Joining HK police made easier for Nepalis

HONG KONG, May 20: Amid criticism they faced over the killing of Dil Bahadur Limbu, Hong Kong police has revised its rules to make it easier for minorities to join the force.

From now on, those who have proficiency in languages in addition to Chinese and English will be prioritized for recruitment.

Rights workers fighting for minority rights have welcomed the move as a positive sign.

The new policy will come into effect from Saturday when preliminary selection will be held for a fresh intake of recruits.

According to the new rules, those with proficiency in Nepali, Hindi, Urdu, French, German, Japanese or Korean will receive additional grades.

"We did the reform to better the police service by taking in qualified people," Inspector Francis Cheung, chief of the recruitment department, was quoted as saying by a daily newspaper.

Nepalis and members of other minority groups possessing the Hong Kong Certificate of Education Examination in Chinese are now eligible to apply for jobs with the police. Those who do not have the certificate, which is equivalent to the SLC, can sit for another exam approved by the government.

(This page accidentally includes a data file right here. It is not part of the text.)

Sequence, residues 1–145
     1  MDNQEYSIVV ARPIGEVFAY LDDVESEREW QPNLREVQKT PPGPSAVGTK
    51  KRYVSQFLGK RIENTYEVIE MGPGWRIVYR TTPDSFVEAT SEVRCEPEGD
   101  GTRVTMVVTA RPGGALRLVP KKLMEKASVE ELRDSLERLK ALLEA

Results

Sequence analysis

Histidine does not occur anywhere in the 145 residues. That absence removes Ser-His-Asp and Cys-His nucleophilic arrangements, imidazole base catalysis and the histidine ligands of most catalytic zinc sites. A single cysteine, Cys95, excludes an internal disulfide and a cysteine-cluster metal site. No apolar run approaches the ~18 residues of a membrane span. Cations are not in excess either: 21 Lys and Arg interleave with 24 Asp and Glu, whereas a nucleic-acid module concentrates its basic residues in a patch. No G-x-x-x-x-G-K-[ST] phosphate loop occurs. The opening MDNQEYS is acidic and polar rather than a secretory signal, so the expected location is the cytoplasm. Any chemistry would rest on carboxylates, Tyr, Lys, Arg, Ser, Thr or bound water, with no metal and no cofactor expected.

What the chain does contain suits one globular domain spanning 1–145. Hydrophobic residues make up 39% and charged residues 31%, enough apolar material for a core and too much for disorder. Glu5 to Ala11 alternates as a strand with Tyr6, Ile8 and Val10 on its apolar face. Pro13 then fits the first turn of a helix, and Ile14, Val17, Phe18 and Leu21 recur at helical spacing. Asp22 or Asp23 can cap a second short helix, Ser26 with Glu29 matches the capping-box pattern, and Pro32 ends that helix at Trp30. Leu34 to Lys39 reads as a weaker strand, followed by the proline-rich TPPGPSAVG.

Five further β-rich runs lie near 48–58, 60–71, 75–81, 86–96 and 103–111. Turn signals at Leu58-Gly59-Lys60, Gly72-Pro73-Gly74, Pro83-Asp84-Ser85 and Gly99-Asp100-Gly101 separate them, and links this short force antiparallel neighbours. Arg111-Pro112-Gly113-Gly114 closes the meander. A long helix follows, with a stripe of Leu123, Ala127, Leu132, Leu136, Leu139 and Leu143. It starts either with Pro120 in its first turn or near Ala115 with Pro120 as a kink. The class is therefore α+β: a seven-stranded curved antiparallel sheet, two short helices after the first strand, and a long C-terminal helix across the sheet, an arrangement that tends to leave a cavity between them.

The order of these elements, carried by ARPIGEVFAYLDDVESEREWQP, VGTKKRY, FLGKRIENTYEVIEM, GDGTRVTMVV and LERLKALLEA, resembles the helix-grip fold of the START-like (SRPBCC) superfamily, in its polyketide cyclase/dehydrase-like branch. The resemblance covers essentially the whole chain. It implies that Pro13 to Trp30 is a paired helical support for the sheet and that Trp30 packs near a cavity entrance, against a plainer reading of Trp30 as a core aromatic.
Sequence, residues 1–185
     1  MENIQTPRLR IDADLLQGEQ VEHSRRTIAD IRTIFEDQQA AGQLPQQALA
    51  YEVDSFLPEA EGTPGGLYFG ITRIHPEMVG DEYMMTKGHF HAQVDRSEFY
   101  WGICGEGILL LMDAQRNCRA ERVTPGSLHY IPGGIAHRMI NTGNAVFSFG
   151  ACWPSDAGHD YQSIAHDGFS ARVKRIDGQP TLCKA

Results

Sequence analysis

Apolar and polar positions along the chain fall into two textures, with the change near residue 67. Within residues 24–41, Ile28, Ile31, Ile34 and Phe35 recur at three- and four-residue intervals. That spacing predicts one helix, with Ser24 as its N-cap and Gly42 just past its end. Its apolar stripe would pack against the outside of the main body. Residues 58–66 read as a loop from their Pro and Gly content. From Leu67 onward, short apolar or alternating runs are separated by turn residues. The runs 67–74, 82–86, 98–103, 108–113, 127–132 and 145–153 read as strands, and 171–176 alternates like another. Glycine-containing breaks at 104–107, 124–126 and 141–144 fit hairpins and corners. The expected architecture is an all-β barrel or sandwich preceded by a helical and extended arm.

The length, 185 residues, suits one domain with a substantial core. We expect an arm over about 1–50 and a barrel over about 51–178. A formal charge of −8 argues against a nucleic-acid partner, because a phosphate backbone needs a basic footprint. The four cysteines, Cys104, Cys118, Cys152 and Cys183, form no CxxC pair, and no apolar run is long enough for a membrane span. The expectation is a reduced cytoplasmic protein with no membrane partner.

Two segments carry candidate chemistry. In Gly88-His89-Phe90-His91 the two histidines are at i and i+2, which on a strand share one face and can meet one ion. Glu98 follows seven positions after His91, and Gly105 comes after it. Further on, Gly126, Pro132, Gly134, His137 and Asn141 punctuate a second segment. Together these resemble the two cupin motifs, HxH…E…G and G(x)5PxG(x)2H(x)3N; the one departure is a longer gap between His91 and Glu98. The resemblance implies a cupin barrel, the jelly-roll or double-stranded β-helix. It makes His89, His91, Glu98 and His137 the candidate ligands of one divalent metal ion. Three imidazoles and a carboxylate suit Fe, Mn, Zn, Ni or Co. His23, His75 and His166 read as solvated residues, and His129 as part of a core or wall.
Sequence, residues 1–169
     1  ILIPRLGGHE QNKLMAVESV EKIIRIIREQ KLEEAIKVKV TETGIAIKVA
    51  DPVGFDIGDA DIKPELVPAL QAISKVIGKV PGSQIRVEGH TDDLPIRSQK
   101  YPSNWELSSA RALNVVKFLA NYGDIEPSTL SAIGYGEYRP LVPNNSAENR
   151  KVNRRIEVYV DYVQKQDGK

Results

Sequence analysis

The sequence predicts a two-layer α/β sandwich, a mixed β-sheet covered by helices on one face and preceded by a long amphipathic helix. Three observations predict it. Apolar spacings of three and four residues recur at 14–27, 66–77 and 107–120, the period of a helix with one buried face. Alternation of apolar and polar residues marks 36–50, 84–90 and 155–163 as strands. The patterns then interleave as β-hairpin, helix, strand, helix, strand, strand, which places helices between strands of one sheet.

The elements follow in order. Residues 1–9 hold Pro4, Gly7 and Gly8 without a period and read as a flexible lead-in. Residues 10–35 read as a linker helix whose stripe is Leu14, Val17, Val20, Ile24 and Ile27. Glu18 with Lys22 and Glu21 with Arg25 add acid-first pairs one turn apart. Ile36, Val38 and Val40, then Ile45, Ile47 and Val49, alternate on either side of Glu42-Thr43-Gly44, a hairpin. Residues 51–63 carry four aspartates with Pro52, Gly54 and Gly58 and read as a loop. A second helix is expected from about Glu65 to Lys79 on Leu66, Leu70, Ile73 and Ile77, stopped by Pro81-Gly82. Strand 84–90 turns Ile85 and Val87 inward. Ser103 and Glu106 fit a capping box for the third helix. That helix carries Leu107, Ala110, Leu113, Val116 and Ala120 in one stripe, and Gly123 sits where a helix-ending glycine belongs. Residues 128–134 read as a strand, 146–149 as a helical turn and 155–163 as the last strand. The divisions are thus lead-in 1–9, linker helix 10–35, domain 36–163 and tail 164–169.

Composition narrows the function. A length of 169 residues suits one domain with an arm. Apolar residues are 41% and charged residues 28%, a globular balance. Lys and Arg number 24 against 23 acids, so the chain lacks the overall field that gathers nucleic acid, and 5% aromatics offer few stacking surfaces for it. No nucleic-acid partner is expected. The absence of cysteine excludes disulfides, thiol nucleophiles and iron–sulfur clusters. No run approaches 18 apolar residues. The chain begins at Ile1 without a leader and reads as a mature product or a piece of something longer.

"The policy of prioritizing the intake of those proficient in foreign languages has opened the gates for Nepalis youths," said Ek Narayan Sharma, a solicitor.

According to Inspector Cheung, taking in people proficient in foreign languages will make it easier for the police to handle international events such as the Olympics and World Trade Organization (WTO) meetings.

A few years ago, Hong Kong police had a tough time dealing with a protest by Korean farmers during a WTO event.

The revision of recruitment policy by Hong Kong police, which has not taken a single foreigner since the territory was handed over to China in 1997, has come following the killing of Dil Bahadur Limbu by a policeman.

Two years ago, Limbu was shot dead by a Hong Kong policeman. During court proceedings in the case, the policeman testified that prior to the shooting Limbu spoke in Nepali, which he could not understand.

Though the court and a higher court ruled that the killing was lawful, it angered the Nepali and other minority communities. Ever since that indicent, police have been encouraging the participation of Nepalis in informal programs, apparently to win hearts and minds among them.


Republica Published May 20, 2011





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